Seattle Comic Bookstores are Thriving. Here’s Why.

Seattle is known far and wide for its bustling tech scene, towering Redwoods, and eternal obsession with coffee. It’s also gaining a growing reputation as a hub for artists and art forms of all kinds. One genre, in particular, is springing up out of the city’s art community and connecting artists and their fans: comics.

Emerald City is home to talented comic artists and a passionate comic fan base

Comics have a long history in the U.S., with the first cartoons appearing in the early 1800s. Eventually, standalone cartoons morphed into comic books and graphic novel series enjoyed by millions of fans today.

Seattle comic bookstores are thriving, and more continue to pop up throughout the city. Why? The Washington capital has a growing comic book fanbase and is home to a slew of talented comic artists.

Here are a few of our favorite Seattle-based comic artists and Seattle comic bookstores.

Seattle comic bookstores are popping up all over the city to support its growing population of comic artists and their work. Here are just a few of the stores and artists putting Seattle on the map as a hotbed for comic art.

Seattle comic book stores get a lot of love from a growing number of comic book fans. [Photo by Lena Rose on Unsplash]

Seattle comic artists to follow

Ellen Forney

This award-winning cartoonist teaches comics at Cornish College of the Arts and illustrates well-known comics like The Stranger, as well as graphic novels like her memoir Marbles: Mania, Depression, Michelangelo, & Me. When she isn’t teaching or working as an illustrator, she serves as a wellness coach and mental health advocate. Follow her work here.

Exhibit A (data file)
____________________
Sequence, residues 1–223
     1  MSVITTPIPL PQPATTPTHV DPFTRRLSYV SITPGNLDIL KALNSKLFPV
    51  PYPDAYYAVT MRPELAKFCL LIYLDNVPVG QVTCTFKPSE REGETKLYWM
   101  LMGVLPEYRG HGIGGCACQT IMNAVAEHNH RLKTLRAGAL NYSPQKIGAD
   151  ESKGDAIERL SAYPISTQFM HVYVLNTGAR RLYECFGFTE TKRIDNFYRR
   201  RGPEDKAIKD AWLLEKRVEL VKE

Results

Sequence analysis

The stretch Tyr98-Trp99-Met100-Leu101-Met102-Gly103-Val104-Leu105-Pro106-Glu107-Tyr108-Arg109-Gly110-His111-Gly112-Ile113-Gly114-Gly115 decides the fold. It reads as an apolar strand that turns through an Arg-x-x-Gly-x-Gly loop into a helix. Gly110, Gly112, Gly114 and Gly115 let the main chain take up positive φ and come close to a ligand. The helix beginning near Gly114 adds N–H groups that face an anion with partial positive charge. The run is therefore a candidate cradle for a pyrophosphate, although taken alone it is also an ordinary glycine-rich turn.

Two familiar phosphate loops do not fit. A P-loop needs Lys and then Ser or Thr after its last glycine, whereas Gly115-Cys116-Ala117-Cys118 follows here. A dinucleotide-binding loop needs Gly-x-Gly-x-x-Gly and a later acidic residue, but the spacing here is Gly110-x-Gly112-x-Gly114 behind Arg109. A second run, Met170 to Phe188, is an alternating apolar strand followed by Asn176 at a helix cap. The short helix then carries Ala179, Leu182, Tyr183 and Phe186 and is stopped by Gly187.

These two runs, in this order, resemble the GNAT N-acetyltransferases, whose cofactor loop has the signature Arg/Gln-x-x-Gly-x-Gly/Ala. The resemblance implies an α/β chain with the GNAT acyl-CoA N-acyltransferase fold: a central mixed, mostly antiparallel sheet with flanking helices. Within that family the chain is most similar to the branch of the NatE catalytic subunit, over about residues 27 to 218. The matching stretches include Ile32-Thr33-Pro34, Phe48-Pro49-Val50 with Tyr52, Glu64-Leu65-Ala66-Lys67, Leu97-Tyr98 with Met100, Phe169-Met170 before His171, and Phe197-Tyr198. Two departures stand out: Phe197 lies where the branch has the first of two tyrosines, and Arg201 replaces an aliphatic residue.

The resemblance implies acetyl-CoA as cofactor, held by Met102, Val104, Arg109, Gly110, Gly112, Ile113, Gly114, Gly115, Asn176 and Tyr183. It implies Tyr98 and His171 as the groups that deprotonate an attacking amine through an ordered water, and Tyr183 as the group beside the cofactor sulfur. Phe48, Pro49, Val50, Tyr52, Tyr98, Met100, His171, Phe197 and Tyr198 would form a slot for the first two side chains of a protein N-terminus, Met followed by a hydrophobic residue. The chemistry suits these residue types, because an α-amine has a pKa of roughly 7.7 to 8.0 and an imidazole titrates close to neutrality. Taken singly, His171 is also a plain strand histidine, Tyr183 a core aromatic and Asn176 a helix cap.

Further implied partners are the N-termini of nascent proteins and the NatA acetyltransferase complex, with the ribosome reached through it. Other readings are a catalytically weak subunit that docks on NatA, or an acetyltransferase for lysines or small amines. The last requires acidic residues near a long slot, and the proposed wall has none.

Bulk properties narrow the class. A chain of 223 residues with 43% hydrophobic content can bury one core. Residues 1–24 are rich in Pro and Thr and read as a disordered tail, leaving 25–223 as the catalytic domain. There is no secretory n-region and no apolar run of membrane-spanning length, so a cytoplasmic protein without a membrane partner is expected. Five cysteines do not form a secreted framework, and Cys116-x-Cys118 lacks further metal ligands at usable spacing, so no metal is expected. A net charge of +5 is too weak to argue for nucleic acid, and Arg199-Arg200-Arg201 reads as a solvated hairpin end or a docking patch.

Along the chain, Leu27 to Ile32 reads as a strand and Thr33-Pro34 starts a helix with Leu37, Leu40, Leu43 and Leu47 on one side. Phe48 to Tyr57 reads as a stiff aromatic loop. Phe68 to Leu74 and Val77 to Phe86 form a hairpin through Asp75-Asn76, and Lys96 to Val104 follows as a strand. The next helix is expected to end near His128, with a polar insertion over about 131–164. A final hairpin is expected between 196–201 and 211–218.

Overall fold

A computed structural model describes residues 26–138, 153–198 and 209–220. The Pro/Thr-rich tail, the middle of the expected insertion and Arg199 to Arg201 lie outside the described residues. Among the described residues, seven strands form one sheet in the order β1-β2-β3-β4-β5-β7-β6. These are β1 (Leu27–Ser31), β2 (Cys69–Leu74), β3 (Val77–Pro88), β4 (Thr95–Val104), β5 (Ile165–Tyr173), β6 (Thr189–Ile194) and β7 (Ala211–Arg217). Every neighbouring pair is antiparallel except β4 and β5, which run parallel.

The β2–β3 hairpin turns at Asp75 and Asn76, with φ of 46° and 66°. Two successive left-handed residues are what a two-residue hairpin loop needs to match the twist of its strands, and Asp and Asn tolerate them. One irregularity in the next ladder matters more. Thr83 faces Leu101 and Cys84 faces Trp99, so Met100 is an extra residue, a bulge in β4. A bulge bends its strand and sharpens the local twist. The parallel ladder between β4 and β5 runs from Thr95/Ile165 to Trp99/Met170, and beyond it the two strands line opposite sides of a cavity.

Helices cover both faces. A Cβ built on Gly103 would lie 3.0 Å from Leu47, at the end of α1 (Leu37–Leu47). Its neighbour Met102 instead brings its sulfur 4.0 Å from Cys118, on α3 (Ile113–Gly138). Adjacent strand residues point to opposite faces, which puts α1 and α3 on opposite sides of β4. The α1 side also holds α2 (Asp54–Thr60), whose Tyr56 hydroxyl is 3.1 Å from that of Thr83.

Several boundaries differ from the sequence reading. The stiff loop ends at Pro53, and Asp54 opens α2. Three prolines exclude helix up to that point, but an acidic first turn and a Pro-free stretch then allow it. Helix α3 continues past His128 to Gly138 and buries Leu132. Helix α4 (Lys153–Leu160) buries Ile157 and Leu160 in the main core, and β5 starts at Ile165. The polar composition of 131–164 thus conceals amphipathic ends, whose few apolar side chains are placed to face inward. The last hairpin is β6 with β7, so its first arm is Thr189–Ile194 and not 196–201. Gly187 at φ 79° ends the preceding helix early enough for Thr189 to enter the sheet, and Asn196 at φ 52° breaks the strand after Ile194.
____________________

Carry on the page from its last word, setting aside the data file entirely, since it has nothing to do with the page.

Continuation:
Ed Brubaker

Proving that comic writing is just as much of an art form as illustrating, world-renowned comic writer Ed Brubaker has won five Eisner and Harvey Awards in the last decade. The Seattle native works on a variety of comic, film, and television projects, including comics like Daredevil and the hit series Westworld. Follow his work here.

Peter Bagge

Peter Bagge is widely known for his comic series Hate and Apocalypse Nerd. Fans love his exaggerated illustrations and dark humor. He won two Harvey awards in 1991 for his work, and he has produced more than 50 publications throughout his career as an artist and illustrator. Follow his work here.

Seattle comic bookstores to check out

Comics Dungeon

This Wallingford neighborhood shop is more than just a comic store; it’s also a non-profit organization that donates all of its profits to benefit local charitable organizations. One of the many charities it supports, Comics4Kids, donates comic books to children to promote literacy.

Golden Age Collectibles

Known as the “World’s Oldest Comic Shop,” this Pike Place Market comic book and collectibles store offers a sprawling selection of classic and modern comics. Equally impressive is its massive inventory of movie posters, scripts, games, and collectibles.

Phoenix Comics

Visitors to Seattle’s Capitol Hill area will want to stop in Phoenix Comics and Games for its wide selection of comics and graphic novels, as well as its assortment of card and board games and many collectibles. The store hosts regular game nights for its loyal network of comic book and gaming aficionados.

Connect (virtually) to Seattle’s comic community

Even though the COVID-19 outbreak has caused events and conventions to be canceled or postponed, organizations like Seattle’s Emerald City Comic Con are forging ahead in their virtual support of comic artists, vendors and fans.

Event organizers had to postpone the 2020 event that brings thousands of people to the Washington State Convention Center. However, through August they are offering virtual events and “exhibits” to promote comics, collectibles, and featured artists.

Using the hashtag #ECCCOnline, ECCC regularly announces new live streams and events to keep fans connected to the artistic community.


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